In 1941, among the concentration camps established by the Nazi government in occupied Serbia, one was founded in Zemun, a town situated not far from the country’s capital Belgrade. It was part of the territory taken over by the Independent State of Croatia, a Nazi-satellite at that time, but control of the camp was almost completely held by SS Units. During 1941/1942, the Germans nicknamed Sajmište concentration camp the Judenlager Semlin (Jewish camp in Zemun). It was a place where thousands of Jewish people were interned before being gassed in a van.
A glimpse into the reality of this horrifying place is possible through the letters written by Hilda Dajč – four of which were smuggled outside the camp and preserved. Even Hilda’s involvement in the act of smuggling her own letters should be recognized as heroism on this young girl’s part since the Nazis forbade any mail from being sent by prisoners; such activity was known to end with the execution of inmates. The letters, addressed to Hilda’s friends from gymnasium days (Mirjana Petrović and Nada Novak) were forwarded secretly by the Jewish hospital staff, who were occasionally sent outside the camp under controlled circumstances.
Hilda was young and intelligent and bold enough to occasionally observe her own situation in an almost ironic way. Since she had only limited time to write and channel her letters, this material was too brief to form any sort of book length publication, and therefore mostly ended up being cited in historical papers.
Still, her words haunted the artist for years and he began to think about creating a short comic based on her letters from the concentration camp.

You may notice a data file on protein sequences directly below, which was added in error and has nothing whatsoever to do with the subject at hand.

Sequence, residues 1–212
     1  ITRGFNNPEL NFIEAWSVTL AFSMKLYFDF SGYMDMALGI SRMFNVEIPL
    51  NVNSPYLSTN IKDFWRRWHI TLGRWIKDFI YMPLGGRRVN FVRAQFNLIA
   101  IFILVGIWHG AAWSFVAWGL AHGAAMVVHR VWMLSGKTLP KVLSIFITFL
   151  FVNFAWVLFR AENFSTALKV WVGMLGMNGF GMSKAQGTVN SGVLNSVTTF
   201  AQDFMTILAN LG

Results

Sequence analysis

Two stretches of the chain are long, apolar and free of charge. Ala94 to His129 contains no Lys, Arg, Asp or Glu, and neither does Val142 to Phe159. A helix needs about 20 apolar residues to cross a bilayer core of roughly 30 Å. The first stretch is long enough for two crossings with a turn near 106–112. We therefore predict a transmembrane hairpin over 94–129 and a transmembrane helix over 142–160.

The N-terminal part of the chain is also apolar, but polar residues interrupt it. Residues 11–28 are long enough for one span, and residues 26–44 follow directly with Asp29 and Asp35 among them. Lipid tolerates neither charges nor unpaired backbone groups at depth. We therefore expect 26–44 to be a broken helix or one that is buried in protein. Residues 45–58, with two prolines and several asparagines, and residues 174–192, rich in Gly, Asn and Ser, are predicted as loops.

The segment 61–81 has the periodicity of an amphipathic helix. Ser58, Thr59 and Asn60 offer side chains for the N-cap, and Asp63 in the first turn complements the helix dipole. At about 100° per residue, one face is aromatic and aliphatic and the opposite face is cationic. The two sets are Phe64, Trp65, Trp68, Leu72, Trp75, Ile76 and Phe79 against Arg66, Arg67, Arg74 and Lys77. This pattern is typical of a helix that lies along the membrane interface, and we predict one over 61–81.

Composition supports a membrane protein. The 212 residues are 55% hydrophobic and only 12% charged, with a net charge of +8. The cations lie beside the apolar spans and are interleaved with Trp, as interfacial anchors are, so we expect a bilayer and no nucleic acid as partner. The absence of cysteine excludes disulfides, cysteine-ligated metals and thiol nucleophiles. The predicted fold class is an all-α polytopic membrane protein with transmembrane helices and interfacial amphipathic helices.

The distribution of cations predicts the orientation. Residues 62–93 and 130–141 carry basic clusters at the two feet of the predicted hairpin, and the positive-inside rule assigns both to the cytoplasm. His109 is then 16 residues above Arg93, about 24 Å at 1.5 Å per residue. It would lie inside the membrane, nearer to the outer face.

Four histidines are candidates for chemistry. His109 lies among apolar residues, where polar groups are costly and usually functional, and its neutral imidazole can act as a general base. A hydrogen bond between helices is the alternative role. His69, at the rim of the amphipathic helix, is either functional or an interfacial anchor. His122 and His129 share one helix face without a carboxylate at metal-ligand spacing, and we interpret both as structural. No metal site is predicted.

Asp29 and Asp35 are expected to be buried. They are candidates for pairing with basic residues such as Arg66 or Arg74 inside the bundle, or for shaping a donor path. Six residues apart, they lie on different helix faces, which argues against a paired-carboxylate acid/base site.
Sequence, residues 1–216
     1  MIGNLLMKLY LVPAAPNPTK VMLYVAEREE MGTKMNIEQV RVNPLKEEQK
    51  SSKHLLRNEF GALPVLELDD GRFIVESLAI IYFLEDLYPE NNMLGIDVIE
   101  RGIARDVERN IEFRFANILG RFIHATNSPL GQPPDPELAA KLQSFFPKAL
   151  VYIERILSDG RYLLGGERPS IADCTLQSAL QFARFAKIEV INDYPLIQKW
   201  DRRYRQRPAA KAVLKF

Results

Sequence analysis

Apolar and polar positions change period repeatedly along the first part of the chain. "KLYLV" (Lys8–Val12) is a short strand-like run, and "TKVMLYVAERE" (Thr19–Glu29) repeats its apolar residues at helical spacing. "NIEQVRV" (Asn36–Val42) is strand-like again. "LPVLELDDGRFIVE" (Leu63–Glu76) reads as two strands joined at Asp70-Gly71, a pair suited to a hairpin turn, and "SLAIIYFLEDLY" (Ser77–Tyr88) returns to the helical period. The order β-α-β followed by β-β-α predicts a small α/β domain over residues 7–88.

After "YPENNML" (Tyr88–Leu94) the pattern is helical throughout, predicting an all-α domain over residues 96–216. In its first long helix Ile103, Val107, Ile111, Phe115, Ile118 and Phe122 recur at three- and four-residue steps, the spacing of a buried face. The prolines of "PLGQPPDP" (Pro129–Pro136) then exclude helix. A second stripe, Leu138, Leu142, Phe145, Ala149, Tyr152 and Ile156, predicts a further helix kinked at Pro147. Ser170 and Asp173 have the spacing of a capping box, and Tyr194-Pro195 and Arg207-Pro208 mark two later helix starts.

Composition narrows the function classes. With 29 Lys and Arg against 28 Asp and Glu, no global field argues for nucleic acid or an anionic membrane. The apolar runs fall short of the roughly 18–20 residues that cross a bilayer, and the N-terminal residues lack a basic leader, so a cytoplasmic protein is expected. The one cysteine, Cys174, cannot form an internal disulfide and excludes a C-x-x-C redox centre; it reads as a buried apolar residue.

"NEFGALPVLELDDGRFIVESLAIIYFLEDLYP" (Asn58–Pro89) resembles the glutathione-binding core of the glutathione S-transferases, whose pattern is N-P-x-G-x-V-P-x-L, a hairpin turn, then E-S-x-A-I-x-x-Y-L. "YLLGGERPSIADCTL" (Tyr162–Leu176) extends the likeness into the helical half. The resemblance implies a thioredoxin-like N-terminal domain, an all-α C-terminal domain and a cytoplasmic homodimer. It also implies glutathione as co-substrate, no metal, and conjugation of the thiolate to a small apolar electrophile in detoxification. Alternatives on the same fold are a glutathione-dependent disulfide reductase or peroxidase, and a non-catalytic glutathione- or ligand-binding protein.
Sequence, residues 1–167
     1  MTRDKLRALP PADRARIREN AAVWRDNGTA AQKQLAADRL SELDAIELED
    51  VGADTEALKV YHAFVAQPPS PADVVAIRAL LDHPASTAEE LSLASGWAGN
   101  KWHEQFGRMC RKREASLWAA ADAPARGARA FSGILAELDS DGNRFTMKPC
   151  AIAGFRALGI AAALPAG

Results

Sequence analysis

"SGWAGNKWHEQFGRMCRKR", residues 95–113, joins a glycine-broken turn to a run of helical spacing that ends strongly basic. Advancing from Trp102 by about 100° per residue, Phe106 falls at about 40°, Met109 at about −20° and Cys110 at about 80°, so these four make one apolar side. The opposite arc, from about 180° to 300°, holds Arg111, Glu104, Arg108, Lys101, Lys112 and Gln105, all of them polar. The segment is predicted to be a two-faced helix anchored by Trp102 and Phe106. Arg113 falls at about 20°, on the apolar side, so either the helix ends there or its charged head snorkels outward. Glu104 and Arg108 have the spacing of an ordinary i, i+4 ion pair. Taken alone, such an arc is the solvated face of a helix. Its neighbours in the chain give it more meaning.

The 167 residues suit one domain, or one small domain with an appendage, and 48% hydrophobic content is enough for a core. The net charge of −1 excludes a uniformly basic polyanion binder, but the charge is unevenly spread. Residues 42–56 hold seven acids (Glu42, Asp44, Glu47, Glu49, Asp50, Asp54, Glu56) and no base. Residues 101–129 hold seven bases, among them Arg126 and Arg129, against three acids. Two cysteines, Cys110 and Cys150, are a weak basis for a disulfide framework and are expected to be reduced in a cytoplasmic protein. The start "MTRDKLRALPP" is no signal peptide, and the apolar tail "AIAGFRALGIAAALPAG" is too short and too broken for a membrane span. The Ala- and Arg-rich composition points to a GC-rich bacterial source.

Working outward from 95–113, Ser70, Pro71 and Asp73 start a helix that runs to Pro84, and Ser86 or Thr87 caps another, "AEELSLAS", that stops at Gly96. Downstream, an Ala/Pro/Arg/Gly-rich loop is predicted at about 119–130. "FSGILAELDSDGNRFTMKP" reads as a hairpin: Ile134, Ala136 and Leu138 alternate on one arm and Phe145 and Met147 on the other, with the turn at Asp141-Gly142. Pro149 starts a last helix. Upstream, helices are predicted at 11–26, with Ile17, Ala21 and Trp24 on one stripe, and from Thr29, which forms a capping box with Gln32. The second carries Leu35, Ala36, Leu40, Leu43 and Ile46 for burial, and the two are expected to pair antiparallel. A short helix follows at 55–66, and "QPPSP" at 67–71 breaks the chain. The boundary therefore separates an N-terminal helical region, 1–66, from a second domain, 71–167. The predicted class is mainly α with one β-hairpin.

In 2012, Zograf was a guest of the Beirut Comics Festival but on the very first day a car-bomb exploded on Sassine Square. The powerful explosion destroyed an entire city block in the city’s central zone, wounding many and killing the chief of the Lebanese Intelligence Bureau of the Lebanese Security Forces. The carefully planned blast halted regular activities and events including the Comics Festival slated to take place at the UNESCO palace restricting festival participants to the hotel where they had an opportunity for discussion and reflection. Among those present that day was an editor of Popolo, an Italian Jesuit magazine, who offered Zograf an opportunity to publish one of his comics.
As a non-Catholic, Zograf was intrigued by the opportunity to collaborate with such a magazine and proposed the story of Hilda Dajč for its message that brings into sharp focus profound questions around the brutality mankind is capable of inflicting regardless of ideology. This unanticipated collaboration led to Zograf’s visual portrayal of the story, written by a young Jewish girl in a concentration camp, to appear for the first time in a Jesuit magazine in the Italian language with a fairly large print run. It was only then translated into the artist’s native Serbian language, and reprinted in the independent newsmagazine Vreme, in which he has continued to produce weekly two-page comics since 2003.
Soon afterwards, through the joint cooperation of the Israeli Embassy in Belgrade and the Serbian Ministry of Education, a small booklet was printed containing Aleksnadar Zograf’s Hilda Dajč.comic. It was then freely distributed in secondary schools in Serbia with the aim of informing young people about the Holocaust. This work, first intended to inspire teachers to discuss the subject with pupils, toured the country as an exhibit.
In 2018, the booklet was included in the archival library of Yad Vashem in Jerusalem and it has, so far, been translated into the Japanese and German languages. Its publication in France with L’Association is anticipated later this year.